Logical thoughts like ‘It’s for my benefit’ or ‘I need to do this’ are ringing empty today. I feel as though I’m about to walk through a door where I know I will experience pain and unpleasantness, but then step into the unknown. The only thing that I think I know about this mystery stage is that I will temporarily lose my independence (again) and will have to live each day in accordance with my body’s new limits and spend most of my time managing pain.

This is a difficult thing to walk into willingly but walk I must and deal with whatever comes, hopefully with some grace.  It helps to know that the people I care about and who love me are holding my hand and sending me uplifting thoughts.

Once more unto the breach, dear friends, once more.

I have gone over and over it in my head and simply cannot find a clever way of saying this or even a way to soften the blow (so to speak) but it turns out I need to have a second brain surgery.

Bugger (plus a string of expletives, if you are anything like me).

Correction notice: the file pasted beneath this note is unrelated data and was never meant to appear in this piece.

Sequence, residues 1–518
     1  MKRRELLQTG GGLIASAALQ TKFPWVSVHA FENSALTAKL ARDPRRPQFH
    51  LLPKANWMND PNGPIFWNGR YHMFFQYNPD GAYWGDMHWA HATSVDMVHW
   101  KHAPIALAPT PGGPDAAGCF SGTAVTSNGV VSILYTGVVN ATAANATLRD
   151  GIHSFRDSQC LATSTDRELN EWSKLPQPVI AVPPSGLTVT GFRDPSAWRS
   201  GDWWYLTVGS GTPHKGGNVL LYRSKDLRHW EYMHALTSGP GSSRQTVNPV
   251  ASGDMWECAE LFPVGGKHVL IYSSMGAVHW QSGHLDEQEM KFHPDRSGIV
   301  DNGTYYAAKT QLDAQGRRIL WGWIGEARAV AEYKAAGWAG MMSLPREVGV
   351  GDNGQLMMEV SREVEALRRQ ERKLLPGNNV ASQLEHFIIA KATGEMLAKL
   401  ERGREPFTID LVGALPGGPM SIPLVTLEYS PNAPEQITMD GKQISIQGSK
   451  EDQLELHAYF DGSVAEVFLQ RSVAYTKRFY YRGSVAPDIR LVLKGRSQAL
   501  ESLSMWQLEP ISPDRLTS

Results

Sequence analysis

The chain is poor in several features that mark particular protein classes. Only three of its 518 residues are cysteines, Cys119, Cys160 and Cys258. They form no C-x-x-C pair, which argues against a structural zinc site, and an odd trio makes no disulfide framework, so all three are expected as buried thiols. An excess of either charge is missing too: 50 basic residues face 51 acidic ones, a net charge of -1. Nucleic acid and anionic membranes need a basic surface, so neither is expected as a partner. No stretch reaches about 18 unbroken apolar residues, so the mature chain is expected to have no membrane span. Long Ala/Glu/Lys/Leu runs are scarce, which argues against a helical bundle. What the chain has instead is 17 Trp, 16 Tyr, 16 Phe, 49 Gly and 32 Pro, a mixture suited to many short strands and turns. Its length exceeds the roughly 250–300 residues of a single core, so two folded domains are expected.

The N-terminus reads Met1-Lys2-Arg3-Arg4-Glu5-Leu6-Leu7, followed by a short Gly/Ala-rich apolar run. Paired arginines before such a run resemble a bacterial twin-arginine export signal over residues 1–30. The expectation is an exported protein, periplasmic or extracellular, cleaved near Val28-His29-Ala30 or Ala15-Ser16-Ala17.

Bear with me whilst I explain how this has come to be.

In Jan 2015, I had my post-operative cerebral angiogram and my surgeon told me (over the phone) that a tiny (1mm) weak spot had pushed out near the clipped aneurysm and that whilst it wasn’t a concern, it would need to be monitored.  When I met with her next, I asked her to show me where the new weak spot was and like all surgeons she drew a simplistic representation of the artery, the clipped aneurysm and this new small bulge.  On the drawing, the new bulge was on the opposite side of the artery to the clipped aneurysm and she explained that treating the aneurysm altered the blood flow in that area and this can sometimes lead to other weak spots showing up.   Unexpected but okay; in effect this left me with two small aneurysm that still required annual review.

Having moved to Denver in the United States in August, I had to establish a new cadre of health professionals to manage my ongoing care and just before Christmas last, I saw a Neurosurgeon for my first review.  Before I could meet with him, I needed another brain scan.   Once at the appointment he informed me that my Australian surgeon missed part of the original aneurysm with the clip.  Frickin’ awesome says I.  The imaging shows it may be as much as half the original aneurysm.